I did like both Christiana, who is not only a phenomenal dancer but also an adult in both age and temperament, and Beckanne, who is very young but very professional and a fantastic dancer. (She jumps from pre-company to demi-soloist, skipping the corps stage.) Beckanne is also best friends with Katie (who is dating Ronald). In the first episode, everyone is waiting to hear about contracts for the next year, and Katie is the only one of our core characters who doesn't get a contract. Not only are she and Ronald devastated, but so is Beckanne since Katie is both her best friend and her only friend in the company. Ronald (who is Rex's brother) has several siblings, and Katie at one point says that Beckanne should marry one of his brothers so then Katie and Beckanne can be together forever. If anyone wanted to write me Katie/Beckanne or Ronald/Katie/Beckanne, I would be totally into that.

Although I enjoyed it - and it did, of course, make me cry - I wouldn't really recommend Breaking Pointe unless you're really into either ballet or reality TV.


The original previews for Bunheads showed us Vegas showgirl Michelle marrying Hubbell, a guy who is her biggest fan, and moving with him to his house on the beach in fictional Paradise, California where he lives with his mother, Fanny, who runs a dance studio out back. (There is a real Paradise, California, but it's in the foothills about fifteen minutes from where I live in Northern California, while this one is on the beach somewhere near Santa Barbara.) What the original previews don't show is that Hubbell dies at the end of the first episode, and the show then becomes about Michelle and Fanny figuring out what to do next and eventually how to live and work together; Hubbell has, of course, left everything to Michelle, and Fanny eventually gets her to teach in the dance studio. The other characters are Truly, a local woman who was in love with Hubbell, and Fanny's older students: Boo, Sasha, Ginny, and Melanie. (I had to go to Wikipedia to look up Ginny and Melanie's names, which should tell you something about their place in the story.)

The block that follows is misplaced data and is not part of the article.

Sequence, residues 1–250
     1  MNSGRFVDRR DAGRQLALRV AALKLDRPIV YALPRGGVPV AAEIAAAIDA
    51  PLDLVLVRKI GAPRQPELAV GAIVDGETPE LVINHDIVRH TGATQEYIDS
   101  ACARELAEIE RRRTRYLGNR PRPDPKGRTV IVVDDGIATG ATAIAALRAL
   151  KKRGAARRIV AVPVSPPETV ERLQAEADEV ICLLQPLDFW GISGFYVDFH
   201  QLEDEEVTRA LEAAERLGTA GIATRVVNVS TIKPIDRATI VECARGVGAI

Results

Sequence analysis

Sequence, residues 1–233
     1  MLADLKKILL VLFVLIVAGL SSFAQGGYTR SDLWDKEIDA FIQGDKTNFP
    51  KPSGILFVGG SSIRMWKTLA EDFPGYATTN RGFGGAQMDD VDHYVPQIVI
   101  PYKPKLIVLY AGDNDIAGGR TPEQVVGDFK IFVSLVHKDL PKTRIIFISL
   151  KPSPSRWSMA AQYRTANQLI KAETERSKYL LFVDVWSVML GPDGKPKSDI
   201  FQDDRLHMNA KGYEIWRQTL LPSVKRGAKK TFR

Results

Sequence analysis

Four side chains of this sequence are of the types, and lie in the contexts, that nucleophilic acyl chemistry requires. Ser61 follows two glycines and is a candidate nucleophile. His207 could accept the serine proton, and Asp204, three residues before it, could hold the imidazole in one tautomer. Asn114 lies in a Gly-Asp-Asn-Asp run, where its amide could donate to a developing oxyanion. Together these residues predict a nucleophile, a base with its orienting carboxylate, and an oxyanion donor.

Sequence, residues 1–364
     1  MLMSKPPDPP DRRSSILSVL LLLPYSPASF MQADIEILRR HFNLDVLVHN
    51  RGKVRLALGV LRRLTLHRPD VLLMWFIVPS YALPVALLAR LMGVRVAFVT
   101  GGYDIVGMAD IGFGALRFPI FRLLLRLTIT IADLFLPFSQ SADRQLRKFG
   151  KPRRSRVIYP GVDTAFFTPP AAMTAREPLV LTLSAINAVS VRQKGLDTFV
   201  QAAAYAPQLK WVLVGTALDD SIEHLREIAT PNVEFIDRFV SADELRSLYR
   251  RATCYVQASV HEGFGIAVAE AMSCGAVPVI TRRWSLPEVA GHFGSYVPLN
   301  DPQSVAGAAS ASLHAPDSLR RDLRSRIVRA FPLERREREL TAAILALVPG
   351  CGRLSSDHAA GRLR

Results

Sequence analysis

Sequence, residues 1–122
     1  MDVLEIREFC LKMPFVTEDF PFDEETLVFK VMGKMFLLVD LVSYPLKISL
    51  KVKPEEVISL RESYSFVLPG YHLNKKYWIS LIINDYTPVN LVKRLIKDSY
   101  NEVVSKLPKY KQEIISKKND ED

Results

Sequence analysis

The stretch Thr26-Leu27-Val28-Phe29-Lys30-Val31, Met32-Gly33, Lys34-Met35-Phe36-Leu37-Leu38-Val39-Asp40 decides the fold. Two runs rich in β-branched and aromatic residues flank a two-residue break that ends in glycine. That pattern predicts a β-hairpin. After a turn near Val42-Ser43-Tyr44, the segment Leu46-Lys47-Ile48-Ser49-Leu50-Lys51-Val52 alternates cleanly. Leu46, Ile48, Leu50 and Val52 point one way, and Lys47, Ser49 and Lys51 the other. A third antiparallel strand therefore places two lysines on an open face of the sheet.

Bunheads is from Amy Sherman-Palladino, who was also the showrunner for Gilmore Girls. I've never seen Gilmore Girls, and maybe I would like Bunheads more if I had. Sherman-Palladino is one of those showrunners whose main concern is the snappy dialogue. The problem with Bunheads (and I don't know if it's a problem with this show in particular or Sherman-Palladino in general) is that the emphasis seems to be on getting all the words out smoothly and not on doing anything with them. This show should be deeply emotional - and it did make me cry a couple of times in the first few eps - but it mostly falls flat. I'm relatively sure this is an acting/directing failure more than a writing failure because I noticed in one particular episode ("Blank Up, It's Time") that only two of the scenes held emotional weight, and they were both scenes Fanny was in.

I really want to like Bunheads. It's all about relationships between women - the four teenage girls, Fanny and Michelle, Michelle and Truly, Fanny and the teenage girls, Michelle and the teenage girls - and it's about dancers, but the fact that it sacrifices emotion to dialogue delivery keeps me from really liking it that much. I checked AO3, and most of the fic is Boo/Sasha, which I want to want more than I actually want it. The only fic I really want for this show, which, again, is a show full of women, which is totally my thing, is Michelle/Truly.
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I feel you would enjoy The Secret Lives of Dancers!!!

Oooh, that sounds like exactly my kind of thing (especially since everything else is done with their seasons). I will have to check it out. Thank you!